There is a wealth of behavioral evidence for the ability of animals to orient themselves or navigate with the aid of the Earth's magnetic field. One of the simplest systems of magnetotaxis is found in certain north-seeking bacteria that have been found to contain linear chains of microscopic single magnetic domain-sized magnetite crystals (Fe3O4). The magnetite evidently is of biogenic origin (Bazylinski, 1990). In more complex magnetic-responding animals, magnetite has been detected in their brains or bodies, but no specific organ or neuron containing magnetite has yet been described.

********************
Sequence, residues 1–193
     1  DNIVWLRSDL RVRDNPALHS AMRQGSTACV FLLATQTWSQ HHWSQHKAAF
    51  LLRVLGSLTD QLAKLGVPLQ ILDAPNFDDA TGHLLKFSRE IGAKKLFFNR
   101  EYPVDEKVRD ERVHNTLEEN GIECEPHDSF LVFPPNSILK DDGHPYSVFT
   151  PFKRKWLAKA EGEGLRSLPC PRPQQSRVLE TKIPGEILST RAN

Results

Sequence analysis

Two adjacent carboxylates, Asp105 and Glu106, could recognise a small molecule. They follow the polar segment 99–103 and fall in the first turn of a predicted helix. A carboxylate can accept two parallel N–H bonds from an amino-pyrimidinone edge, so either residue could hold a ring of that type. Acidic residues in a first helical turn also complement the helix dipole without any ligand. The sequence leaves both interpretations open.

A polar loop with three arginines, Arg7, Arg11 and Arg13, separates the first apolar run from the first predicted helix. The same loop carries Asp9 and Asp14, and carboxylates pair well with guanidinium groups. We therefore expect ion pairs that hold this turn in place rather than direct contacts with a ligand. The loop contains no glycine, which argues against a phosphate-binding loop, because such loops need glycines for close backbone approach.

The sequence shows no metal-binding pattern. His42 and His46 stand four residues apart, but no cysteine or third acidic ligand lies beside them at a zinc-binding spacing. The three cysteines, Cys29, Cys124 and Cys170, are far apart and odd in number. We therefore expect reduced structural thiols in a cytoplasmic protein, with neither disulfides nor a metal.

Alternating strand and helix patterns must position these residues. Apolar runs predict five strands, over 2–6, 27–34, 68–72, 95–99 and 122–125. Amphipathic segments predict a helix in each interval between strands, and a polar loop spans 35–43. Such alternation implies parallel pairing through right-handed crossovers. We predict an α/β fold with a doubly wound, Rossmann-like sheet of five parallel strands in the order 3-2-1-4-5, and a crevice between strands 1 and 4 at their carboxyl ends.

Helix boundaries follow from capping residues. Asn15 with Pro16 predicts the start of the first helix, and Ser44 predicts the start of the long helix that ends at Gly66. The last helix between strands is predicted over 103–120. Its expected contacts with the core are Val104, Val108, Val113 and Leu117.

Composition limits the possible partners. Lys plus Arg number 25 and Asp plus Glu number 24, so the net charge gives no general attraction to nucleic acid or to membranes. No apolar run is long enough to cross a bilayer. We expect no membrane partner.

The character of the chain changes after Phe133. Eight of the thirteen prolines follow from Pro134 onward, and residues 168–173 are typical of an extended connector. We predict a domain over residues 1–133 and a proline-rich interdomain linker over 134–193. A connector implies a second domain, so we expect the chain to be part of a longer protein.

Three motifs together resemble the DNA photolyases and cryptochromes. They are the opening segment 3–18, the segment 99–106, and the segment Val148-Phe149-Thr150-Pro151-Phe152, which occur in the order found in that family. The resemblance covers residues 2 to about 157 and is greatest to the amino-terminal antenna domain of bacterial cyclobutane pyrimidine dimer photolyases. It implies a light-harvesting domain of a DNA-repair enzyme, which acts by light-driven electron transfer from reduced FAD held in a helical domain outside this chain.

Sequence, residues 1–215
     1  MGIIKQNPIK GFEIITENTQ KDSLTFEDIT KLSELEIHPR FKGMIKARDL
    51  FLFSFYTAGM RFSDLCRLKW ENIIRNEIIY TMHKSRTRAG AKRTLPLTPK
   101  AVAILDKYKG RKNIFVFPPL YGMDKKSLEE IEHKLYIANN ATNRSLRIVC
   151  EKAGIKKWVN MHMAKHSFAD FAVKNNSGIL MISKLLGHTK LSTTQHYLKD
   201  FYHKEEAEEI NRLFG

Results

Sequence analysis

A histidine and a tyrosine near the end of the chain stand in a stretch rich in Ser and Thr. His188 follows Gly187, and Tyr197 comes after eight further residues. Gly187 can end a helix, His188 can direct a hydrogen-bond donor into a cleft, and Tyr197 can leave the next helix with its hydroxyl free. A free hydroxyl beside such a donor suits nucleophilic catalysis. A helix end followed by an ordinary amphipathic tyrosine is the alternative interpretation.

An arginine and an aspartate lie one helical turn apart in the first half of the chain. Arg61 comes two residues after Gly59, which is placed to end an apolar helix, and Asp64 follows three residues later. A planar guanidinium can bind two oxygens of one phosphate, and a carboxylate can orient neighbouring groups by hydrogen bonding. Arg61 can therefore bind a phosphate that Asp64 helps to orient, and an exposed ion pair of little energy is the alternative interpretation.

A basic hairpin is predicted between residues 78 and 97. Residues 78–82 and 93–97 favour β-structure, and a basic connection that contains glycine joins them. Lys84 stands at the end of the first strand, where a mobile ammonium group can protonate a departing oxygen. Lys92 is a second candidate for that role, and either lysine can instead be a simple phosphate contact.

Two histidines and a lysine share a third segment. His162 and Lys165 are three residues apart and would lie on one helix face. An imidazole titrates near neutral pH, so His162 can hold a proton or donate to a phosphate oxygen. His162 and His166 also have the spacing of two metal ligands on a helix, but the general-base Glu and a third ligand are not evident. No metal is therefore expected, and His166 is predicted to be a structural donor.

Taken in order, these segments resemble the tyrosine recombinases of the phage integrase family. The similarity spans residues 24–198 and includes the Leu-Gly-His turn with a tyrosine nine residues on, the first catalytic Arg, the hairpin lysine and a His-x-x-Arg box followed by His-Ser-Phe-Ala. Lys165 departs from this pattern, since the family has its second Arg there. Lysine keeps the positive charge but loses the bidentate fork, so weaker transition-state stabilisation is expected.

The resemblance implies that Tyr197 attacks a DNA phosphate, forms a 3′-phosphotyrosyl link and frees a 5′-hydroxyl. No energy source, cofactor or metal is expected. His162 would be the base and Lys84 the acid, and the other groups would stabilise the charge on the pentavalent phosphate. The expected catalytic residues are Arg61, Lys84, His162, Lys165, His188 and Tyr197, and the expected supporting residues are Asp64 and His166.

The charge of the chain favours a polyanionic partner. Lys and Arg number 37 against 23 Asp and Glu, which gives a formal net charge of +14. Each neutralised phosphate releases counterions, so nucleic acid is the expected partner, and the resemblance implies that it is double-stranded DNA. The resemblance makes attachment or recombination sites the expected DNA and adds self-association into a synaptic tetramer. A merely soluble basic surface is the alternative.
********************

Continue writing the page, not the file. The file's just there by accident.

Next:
Alternate models for magnetoreception (other than by magnetite-containing cells) have been suggested in which moving charged particles (ions leaking through membrane receptors, or being pumped into or out of neurons) might be affected by a dc magnetic field. The Hall effect, the Faraday streaming effect, and a Lorentz force model were described.
Much work has yet to be done to isolate and describe the ultrastructure and transducer mechanism of magnetosensing neurons, where they exist.
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